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The Secret Garden (Bury)

Imaginative, dark and even if not fully realised, the Bury Met's Christmas offering offers audiences something different and welcome

Rating: 3 out of 5 stars
The Secret Garden
© Proper Job Theatre Company

The latest production from the Proper Job Theatre Company is an imaginative, if surprisingly melancholic, adaptation of the children's classic The Secret Garden.

John Dwyer's adaptation brings together a series of people recovering from past emotional trauma and defensively shielding themselves from further hurt. Orphan Mary (the role alternates between Kate Bannister and Amelia Lucas) is sent from India to reside with her widower uncle Craven (Rick Ferguson) in Yorkshire and, together with wild child Dickon (Calum McIntosh), sets out to heal her frail cousin Colin (Connor Beckwith/Felix Knowles) by introducing him to a secret garden she has discovered.

Director James Beale reflects the magical atmosphere of the garden with inspired use of computer graphics projected onto the theatre backdrop. The changing seasons are shown by the rapid growth and decline of plants and art galleries simply appear out of thin air. A striking effect is a computerised robin that flits among the chorus and then pops onto the stage in three-dimensional form as a puppet.

Rhys Jarman's set is a flexible marvel. The cast take pieces from the walls to construct puppets and concealed doorways permit swift entrances and exits. The breakaway set allows for a dramatic ending to Act One by cracking open to reveal the secret garden in a blaze of light.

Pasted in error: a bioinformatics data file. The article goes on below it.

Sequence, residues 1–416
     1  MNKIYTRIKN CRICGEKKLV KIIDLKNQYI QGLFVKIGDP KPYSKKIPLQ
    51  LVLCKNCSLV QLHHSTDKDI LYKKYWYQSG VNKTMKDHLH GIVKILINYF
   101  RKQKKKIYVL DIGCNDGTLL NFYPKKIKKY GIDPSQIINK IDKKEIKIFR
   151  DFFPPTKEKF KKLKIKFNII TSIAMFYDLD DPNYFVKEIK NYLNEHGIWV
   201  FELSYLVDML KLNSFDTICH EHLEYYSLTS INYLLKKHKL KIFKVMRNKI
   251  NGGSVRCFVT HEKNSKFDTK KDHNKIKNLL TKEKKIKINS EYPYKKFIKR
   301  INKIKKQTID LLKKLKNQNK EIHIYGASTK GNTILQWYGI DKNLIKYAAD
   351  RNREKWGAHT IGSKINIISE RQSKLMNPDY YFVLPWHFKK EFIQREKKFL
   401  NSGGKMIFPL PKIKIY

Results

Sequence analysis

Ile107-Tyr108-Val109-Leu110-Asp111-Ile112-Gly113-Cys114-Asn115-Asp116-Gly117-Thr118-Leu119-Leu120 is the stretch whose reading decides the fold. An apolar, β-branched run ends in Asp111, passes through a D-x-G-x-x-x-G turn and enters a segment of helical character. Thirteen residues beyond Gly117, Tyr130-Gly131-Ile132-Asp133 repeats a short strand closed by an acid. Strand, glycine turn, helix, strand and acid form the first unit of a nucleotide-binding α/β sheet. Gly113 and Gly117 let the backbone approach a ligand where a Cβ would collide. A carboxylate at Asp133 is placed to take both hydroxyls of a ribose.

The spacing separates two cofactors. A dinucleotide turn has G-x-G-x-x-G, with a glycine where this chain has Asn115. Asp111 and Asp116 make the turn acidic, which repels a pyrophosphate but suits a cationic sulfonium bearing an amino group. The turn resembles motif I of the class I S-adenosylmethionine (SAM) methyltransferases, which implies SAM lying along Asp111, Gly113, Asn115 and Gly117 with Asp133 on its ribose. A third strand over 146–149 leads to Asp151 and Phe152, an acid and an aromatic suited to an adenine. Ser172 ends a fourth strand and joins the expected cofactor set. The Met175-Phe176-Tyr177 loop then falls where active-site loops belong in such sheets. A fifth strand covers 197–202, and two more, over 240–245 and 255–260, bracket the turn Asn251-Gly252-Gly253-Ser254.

The extent to which it is possible to make an emotional connection with the characters is limited. Dwyer's adaptation retains words and phrases from the early 20th Century with which the younger audience members may be unfamiliar. The acting is highly stylised with the cast addressing their remarks direct to the audience, rather than to each other, which brings an artificial feel to the play.

A chorus of local youngsters provide excellent vocal support both musically and creating eerie sound effects. In the style of silent movies musical director Katherine Wilde accompanies the on-stage action with live piano music. The score, by Roddy B, is a real surprise. Rather than cheerful seasonal ditties his stark tunes bring out the bleak atmosphere of the winter season.

The Secret Garden is a charming and atmospheric adaptation of a classic tale. Audiences might, however, find it to be a radical departure from the usual festive entertainment format. The songs, whilst certainly powerful, are unlikely to appeal to youngsters accustomed to chart hits. More significantly there is very little comedy in the production and no opportunity for audience participation.

The Secret Garden is at the Bury Met until 24 December.

- Dave Cunningham